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Young Adult Nonfiction – Alphamaniacs

 

ALPHAMANIACS:

BUILDERS OF 26 WONDERS OF THE WORD

Written by Paul Fleischman

Art by Melissa Sweet

(Candlewick Press; $19.99, Ages 12 and up)

 

Alphamaniacs book cover

 

 

Starred Reviews – Bulletin of the Center for Children’s Books, Kirkus

Paul Fleischman’s Alphamaniacs: Builders of 26 Wonders of the Word is a witty YA book about people who have done crazy things with words. Organized like an ABC book, each chapter features something unique. Words can be art such as the poet Mary Ellen Solt who worked closely with typesetters to produce visual poems shaped like flowers.

 

Alphamaniacs int1
ALPHAMANIACS. Text copyright © 2020 by the Brown-Fleischman Family Trust. Illustrations copyright © 2020 by Melissa Sweet. Reproduced by permission of the publisher, Candlewick Press, Somerville, MA.

 

At opposing ends of the “size-matters” spectrum were David Bryce and Robert Shields. Bryce, a micromaniac, produced the smallest full miniature Bible, 876 pages but only 1 13/16 by 1 ¼ inches, bound in gilt-edged leather. Whereas the diarist Shields typed the longest known diary in human history, describing his day in five-minute increments and waking every two hours at night to continue recording.

 

Alphamaniacs int3
ALPHAMANIACS. Text copyright © 2020 by the Brown-Fleischman Family Trust. Illustrations copyright © 2020 by Melissa Sweet. Reproduced by permission of the publisher, Candlewick Press, Somerville, MA.

 

My favorite funnyman in this group of twenty-six amazing stories is Dan Nussbaum who used the letters and numbers on California’s vanity license plates to retell stories from Genesis to Shakespeare. Nussbaum’s shorthand of Romeo and Juliet: “GESSWAT! BE4 HEE SPLIT, ROMEO KISTME! HESSOQT! BYGTME! ISWEAR!

In the 1960s, David Wallace launched a new field called stylometry wherein computers applied statistical analysis to literary style to prove (or disprove) authorship. Ludwik Zamenhof created Esperanto, a universal language, in hopes of uniting the world linguistically. While Jessie Little Doe Baird brought back Wôpanâôt8âôk, the dead language of her people the Wampanoag. After a gap of seven generations, her daughter became its first native speaker!

Throughout, Melissa Sweet’s bold full-color illustrations add another level of enjoyment to the text. An ideal book to read a chapter at a time, marveling at our wonderful words and the people who’ve made magic with them.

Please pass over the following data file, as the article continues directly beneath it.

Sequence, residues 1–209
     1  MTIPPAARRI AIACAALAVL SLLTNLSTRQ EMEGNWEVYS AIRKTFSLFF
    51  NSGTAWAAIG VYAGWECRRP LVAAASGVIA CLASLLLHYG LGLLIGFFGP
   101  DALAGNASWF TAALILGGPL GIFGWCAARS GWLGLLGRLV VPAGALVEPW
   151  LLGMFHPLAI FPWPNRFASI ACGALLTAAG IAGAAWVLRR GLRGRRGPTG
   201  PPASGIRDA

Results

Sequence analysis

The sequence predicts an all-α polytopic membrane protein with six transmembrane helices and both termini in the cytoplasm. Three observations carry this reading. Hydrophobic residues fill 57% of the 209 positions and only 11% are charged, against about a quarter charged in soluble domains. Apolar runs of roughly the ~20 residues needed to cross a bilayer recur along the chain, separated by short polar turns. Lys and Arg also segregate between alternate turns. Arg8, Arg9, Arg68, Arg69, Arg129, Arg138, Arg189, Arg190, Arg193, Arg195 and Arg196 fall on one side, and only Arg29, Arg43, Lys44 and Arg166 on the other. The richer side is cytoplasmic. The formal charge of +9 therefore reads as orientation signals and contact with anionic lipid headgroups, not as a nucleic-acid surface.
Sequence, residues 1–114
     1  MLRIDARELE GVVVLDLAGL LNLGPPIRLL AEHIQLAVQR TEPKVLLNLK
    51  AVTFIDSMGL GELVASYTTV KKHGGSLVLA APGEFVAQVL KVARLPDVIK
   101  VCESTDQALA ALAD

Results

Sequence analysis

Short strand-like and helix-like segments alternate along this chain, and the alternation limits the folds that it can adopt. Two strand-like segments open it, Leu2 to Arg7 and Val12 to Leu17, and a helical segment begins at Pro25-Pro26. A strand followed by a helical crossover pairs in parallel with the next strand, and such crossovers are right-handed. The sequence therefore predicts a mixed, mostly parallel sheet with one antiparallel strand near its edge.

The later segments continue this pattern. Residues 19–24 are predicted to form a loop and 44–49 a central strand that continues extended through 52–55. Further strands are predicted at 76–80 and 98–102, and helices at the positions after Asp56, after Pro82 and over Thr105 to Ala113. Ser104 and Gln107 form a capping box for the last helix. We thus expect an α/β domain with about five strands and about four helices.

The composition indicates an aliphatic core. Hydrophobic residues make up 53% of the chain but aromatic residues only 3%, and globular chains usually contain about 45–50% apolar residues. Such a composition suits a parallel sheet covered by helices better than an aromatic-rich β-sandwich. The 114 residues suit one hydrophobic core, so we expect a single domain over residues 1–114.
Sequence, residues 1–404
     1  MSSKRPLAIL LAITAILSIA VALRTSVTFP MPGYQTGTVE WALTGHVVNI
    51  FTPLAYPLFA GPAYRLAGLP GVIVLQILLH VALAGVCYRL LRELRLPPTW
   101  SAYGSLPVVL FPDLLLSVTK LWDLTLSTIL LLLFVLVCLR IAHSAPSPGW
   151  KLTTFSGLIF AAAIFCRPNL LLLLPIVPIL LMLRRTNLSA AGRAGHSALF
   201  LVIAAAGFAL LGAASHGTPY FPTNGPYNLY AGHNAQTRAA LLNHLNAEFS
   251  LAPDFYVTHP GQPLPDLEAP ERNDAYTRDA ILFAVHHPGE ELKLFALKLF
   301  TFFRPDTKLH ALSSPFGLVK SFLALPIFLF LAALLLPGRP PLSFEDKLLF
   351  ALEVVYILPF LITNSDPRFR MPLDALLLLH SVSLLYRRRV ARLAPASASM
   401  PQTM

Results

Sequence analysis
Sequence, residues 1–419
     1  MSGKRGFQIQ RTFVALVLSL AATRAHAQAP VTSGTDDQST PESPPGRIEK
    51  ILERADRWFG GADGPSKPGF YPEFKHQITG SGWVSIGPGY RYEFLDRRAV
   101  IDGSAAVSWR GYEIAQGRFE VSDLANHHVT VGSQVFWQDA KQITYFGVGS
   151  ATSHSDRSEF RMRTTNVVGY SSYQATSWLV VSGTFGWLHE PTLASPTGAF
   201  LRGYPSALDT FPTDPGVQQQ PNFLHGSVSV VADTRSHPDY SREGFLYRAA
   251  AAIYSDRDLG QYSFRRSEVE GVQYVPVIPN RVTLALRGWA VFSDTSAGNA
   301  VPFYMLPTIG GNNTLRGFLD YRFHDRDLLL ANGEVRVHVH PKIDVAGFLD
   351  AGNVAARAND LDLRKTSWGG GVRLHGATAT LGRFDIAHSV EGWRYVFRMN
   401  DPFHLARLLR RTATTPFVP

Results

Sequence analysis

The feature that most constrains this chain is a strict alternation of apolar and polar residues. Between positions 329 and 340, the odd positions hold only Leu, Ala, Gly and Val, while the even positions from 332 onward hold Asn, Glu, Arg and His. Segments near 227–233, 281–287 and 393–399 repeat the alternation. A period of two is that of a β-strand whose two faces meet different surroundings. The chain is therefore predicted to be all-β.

Click here to find out more about Paul Fleischman.
Click here to find out more about Melissa Sweet.

 

•Reviewed by Christine Van Zandt (www.ChristineVanZandt.com), Write for Success (www.Write-for-Success.com), @ChristineVZ and @WFSediting, Christine@Write-for-Success.com

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Matchboxes and Memories

matchboxdiaryThe Matchbox Diary ($16.99, Candlewick Press, Ages 6-11) is a beautifully written tale about a Kindergarten-aged girl who spends time with her great-grandfather in his home library, where he shares with her his life story through his special collection of matchboxes. Author and Newberry Medalist, Paul Fleischman, was inspired to write this story after meeting an artist who saved matchboxes from his travels, housing trinkets inside from each destination. It wasn’t until 15 years after that meeting that Fleischman came up with the story for this book; it was well worth the wait.

The boxes and their contents reveal the details of the great grandfather’s journey emigrating from Italy to America. From an olive pit and a bottle cap to a baseball ticket stub, each one of these boxes’ treasures represents an important event in the great grandfather’s life. Even an empty matchbox helps reveal a memorable tale.

This book reminds me of the special relationship I had with my own grandfather and the many hours I spent listening to stories about his life. There’s magic in a small child learning that his or her parent, grandparent or great-grandparent had a fascinating life  – challenges and triumphs included. I admire the fact that the book teaches young readers about the hardships of many people who came to our country from places far away.

The Matchbox Diary author: Paul Fleischman illustrator: Bagram Ibatoulline
The Matchbox Diary author: Paul Fleischman
illustrator: Bagram Ibatoulline

The extraordinary illustrations by Bagram Ibatoulline are of award-winning quality. The pictures of present day when the great-grandfather is talking to his great-granddaughter are in full color, while the illustrations depicting the past are in black and white. The illustrations, printed on paper with a gold hue, are rendered in incredible detail and are perfect for conveying the historic era of the great-grandfather’s journey to America.

The Matchbox Diary reminds us that despite this age of information accessibility and modern technology, nothing can take the place of a story told by someone you love.

– Reviewed by Debbie Glade

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